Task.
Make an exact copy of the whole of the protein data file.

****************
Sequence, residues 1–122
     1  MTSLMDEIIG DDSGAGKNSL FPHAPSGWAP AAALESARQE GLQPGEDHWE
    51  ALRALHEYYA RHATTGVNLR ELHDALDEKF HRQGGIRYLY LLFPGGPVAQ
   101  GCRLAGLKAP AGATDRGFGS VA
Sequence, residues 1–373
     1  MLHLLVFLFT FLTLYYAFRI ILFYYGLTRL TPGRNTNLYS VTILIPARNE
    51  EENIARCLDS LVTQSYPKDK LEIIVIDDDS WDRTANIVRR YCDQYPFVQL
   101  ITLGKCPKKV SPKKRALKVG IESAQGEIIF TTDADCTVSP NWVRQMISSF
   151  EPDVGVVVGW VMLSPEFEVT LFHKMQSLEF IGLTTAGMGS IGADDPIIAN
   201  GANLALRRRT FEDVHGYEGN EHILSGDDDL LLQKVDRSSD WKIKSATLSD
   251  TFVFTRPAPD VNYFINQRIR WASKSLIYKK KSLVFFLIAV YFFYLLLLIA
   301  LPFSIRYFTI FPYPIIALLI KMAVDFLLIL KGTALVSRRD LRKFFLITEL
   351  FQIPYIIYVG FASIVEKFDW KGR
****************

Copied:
Sequence, residues 1–122
     1  MTSLMDEIIG DDSGAGKNSL FPHAPSGWAP AAALESARQE GLQPGEDHWE
    51  ALRALHEYYA RHATTGVNLR ELHDALDEKF HRQGGIRYLY LLFPGGPVAQ
   101  GCRLAGLKAP AGATDRGFGS VA
Sequence, residues 1–373
     1  MLHLLVFLFT FLTLYYAFRI ILFYYGLTRL TPGRNTNLYS VTILIPARNE
    51  EENIARCLDS LVTQSYPKDK LEIIVIDDDS WDRTANIVRR YCDQYPFVQL
   101  ITLGKCPKKV SPKKRALKVG IESAQGEIIF TTDADCTVSP NWVRQMISSF
   151  EPDVGVVVGW VMLSPEFEVT LFHKMQSLEF IGLTTAGMGS IGADDPIIAN
   201  GANLALRRRT FEDVHGYEGN EHILSGDDDL LLQKVDRSSD WKIKSATLSD
   251  TFVFTRPAPD VNYFINQRIR WASKSLIYKK KSLVFFLIAV YFFYLLLLIA
   301  LPFSIRYFTI FPYPIIALLI KMAVDFLLIL KGTALVSRRD LRKFFLITEL
   351  FQIPYIIYVG FASIVEKFDW KGR